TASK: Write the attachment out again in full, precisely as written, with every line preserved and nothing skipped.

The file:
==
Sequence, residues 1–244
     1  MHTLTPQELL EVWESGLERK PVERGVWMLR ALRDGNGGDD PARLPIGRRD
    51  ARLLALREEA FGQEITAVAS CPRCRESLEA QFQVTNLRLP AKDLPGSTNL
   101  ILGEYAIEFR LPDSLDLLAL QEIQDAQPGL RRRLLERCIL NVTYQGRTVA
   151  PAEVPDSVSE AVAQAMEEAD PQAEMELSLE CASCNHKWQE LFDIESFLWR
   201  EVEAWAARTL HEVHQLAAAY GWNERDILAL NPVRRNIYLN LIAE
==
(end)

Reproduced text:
Sequence, residues 1–244
     1  MHTLTPQELL EVWESGLERK PVERGVWMLR ALRDGNGGDD PARLPIGRRD
    51  ARLLALREEA FGQEITAVAS CPRCRESLEA QFQVTNLRLP AKDLPGSTNL
   101  ILGEYAIEFR LPDSLDLLAL QEIQDAQPGL RRRLLERCIL NVTYQGRTVA
   151  PAEVPDSVSE AVAQAMEEAD PQAEMELSLE CASCNHKWQE LFDIESFLWR
   201  EVEAWAARTL HEVHQLAAAY GWNERDILAL NPVRRNIYLN LIAE